The earlier versions of CSS involved the task of assigning images for background while CSS3 utilizes the concept of layers for the same. The layers of backgrounds are stacked in order beneath the initial background. Most of the browsers support this feature including IE9 while you need a separate filter to enable this feature for the older IEs. The AlphaImageLoader filter does serve the purpose but with several issues like inability to control placement and image repeat. The browsers that do not support this feature will display only one background.

Code Example Below: Multiple Background Style Syntax


#epicBackground{
   
   background:
 
   url(nyanCat.png) 300px 10px no-repeat,
   /* On top,    like z-index: 10; */

   url(bacon.png) 10px 10px no-repeat,
   /* Middle,    like z-index: 5; */

   url(rainbows.png);                      
   /* On bottom, like z-index: 3; */

}

Box Shadow and Text Shadow


CSS3 Typography: Text Shadows – Video Tutorial From treehouse
This feature enables the user to generate shadows for text and boxes. The text shadow effects include outer-glow, emboss and letterpress looks. The syntaxes for both text and box shadow are identical except for the fact that the value inset is not applicable for text shadow. Both the features are supported by most of the browsers including IE9 with the help of some extra ‘hack’ syntax. The shadow feature even has the customization options like setting the color, blur, opacity and offset direction. The method even enables the user to assign multiple shadows to a single element. For IE users the shadow filter generates better shadows.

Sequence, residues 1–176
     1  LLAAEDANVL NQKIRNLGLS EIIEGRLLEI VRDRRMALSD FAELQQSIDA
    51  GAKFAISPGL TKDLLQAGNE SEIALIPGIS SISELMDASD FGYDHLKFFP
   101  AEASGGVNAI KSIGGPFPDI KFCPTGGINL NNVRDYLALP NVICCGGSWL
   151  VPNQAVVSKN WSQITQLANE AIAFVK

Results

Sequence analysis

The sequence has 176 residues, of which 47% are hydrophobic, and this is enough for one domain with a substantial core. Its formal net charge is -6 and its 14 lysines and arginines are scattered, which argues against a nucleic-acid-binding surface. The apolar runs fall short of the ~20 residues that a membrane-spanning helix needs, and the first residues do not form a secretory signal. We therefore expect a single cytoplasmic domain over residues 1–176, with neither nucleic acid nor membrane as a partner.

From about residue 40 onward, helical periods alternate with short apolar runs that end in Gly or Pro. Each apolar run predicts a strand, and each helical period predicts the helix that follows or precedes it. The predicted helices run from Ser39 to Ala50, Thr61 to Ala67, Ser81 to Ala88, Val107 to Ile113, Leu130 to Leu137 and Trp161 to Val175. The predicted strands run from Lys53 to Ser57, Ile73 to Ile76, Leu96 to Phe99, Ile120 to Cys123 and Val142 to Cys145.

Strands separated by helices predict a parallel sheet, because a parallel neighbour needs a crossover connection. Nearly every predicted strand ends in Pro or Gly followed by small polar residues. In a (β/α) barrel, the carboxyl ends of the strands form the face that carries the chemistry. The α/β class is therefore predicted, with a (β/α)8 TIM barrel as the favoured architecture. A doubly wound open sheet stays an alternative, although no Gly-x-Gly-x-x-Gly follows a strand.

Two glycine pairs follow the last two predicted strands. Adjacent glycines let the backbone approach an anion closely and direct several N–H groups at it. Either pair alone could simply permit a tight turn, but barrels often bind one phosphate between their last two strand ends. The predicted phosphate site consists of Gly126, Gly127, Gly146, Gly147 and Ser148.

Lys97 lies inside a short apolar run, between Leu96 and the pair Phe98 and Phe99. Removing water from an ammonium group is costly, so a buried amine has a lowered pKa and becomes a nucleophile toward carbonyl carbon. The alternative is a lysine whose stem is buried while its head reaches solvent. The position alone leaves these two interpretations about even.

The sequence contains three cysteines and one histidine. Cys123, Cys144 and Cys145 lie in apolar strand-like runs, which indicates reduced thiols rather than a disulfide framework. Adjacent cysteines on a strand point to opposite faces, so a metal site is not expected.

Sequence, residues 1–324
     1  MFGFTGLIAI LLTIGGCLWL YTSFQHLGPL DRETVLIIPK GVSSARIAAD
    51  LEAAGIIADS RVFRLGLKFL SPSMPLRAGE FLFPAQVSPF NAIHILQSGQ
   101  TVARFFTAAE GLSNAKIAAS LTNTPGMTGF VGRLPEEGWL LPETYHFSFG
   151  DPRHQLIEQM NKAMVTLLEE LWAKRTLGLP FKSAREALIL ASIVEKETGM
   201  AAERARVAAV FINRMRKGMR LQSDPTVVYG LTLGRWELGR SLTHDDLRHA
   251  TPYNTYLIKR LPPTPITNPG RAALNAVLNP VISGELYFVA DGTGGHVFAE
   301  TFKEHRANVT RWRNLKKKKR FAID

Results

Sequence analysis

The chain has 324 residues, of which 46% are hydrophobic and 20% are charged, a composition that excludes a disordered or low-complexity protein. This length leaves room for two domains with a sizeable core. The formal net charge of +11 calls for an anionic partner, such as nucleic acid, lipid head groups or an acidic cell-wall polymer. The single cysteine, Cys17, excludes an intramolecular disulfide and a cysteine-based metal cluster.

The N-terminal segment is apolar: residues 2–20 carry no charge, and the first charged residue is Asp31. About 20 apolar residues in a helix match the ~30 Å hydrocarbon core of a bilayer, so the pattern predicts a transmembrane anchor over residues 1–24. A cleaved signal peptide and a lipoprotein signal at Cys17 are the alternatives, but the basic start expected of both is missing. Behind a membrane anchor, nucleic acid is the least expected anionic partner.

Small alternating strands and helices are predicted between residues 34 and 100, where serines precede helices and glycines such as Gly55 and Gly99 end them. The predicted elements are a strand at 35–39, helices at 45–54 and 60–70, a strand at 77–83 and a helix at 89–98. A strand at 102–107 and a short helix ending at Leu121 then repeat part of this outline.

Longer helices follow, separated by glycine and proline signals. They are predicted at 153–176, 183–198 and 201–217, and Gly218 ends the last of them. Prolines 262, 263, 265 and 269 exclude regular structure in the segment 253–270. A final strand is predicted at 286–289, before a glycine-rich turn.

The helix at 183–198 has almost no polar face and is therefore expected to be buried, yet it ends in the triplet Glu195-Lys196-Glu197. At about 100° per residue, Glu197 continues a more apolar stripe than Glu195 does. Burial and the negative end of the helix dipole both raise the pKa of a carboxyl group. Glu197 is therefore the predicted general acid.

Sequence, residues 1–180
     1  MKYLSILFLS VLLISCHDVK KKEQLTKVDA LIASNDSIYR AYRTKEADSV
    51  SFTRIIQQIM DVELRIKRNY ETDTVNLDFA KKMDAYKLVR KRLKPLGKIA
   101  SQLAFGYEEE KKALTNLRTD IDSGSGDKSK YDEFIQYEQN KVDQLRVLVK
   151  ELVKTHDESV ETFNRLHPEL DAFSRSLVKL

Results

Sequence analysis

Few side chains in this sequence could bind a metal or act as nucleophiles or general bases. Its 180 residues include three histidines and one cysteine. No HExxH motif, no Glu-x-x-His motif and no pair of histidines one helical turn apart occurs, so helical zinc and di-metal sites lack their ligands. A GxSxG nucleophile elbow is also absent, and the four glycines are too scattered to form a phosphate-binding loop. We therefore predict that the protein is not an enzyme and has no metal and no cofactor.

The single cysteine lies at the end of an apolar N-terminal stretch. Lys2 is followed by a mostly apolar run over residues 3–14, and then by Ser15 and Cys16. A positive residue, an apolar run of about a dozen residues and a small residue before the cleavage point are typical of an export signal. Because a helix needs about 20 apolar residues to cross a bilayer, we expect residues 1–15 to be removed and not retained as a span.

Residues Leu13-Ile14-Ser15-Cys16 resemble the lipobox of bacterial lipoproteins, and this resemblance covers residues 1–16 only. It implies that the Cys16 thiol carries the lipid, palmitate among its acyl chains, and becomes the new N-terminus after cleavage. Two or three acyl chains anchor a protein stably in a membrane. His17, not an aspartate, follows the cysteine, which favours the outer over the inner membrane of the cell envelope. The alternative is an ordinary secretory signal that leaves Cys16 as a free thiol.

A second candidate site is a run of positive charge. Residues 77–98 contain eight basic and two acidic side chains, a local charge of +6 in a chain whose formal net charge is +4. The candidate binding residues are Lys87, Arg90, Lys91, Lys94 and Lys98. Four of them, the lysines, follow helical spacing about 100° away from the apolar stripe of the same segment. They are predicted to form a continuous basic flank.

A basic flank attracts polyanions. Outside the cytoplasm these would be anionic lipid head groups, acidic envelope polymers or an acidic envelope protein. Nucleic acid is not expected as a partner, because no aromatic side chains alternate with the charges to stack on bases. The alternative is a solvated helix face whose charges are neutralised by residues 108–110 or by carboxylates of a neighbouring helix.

For box shadows the default positional value is outset and inset values have to be established if necessary. The directional offsets are determined by positive and negative values, a positive value generates the shadow on the right while a negative value places the shadow on the left side of the box. The blur values are set by blur radius starting from the sharpest value zero.

Code Examples Below: Box & Text Shadow on elements


/* CSS3 Text Shadow */

.textShadow{
    text-shadow: 2px 2px 2px #333;
}

/* CSS3 Box Shadow */

.boxShadow {
  -moz-box-shadow:    2px 2px 6px 8px #333;
  -webkit-box-shadow: 2px 2px 6px 8px #333;
  box-shadow:         2px 2px 6px 8px #333;
}

/* CSS3 Inner Box Shadow */

.innerBoxShadow {
   -moz-box-shadow:    inset 0 0 4px #666;
   -webkit-box-shadow: inset 0 0 4px #666;
   box-shadow:         inset 0 0 4px #666;
}

/* IE Compatible - Box Shadow - a big mess */

.IEshadow {
	margin: 60px;
	background-color: rgb(105,105,105); /* Critical for teh IE browsers */

	-moz-box-shadow: 6px 6px 6px rgba(105,105,105,0.5);
	-webkit-box-shadow: 6px 6px 6px rgba(105,105,105,0.5);
	box-shadow: 6px 6px 6px rgba(105,105,105,0.5);